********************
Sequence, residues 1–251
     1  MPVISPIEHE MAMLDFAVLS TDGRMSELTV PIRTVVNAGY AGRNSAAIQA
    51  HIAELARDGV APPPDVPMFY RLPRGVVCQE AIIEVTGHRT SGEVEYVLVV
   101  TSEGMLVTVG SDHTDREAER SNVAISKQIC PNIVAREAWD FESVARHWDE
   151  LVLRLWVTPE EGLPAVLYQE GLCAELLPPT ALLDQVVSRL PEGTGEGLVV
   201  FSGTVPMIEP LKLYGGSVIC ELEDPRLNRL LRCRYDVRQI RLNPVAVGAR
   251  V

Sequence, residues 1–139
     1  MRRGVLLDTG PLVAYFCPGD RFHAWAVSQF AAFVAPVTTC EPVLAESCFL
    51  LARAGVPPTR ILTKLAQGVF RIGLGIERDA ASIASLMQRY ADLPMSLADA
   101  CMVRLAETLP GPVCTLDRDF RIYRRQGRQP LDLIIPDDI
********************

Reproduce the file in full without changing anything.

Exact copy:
Sequence, residues 1–251
     1  MPVISPIEHE MAMLDFAVLS TDGRMSELTV PIRTVVNAGY AGRNSAAIQA
    51  HIAELARDGV APPPDVPMFY RLPRGVVCQE AIIEVTGHRT SGEVEYVLVV
   101  TSEGMLVTVG SDHTDREAER SNVAISKQIC PNIVAREAWD FESVARHWDE
   151  LVLRLWVTPE EGLPAVLYQE GLCAELLPPT ALLDQVVSRL PEGTGEGLVV
   201  FSGTVPMIEP LKLYGGSVIC ELEDPRLNRL LRCRYDVRQI RLNPVAVGAR
   251  V

Sequence, residues 1–139
     1  MRRGVLLDTG PLVAYFCPGD RFHAWAVSQF AAFVAPVTTC EPVLAESCFL
    51  LARAGVPPTR ILTKLAQGVF RIGLGIERDA ASIASLMQRY ADLPMSLADA
   101  CMVRLAETLP GPVCTLDRDF RIYRRQGRQP LDLIIPDDI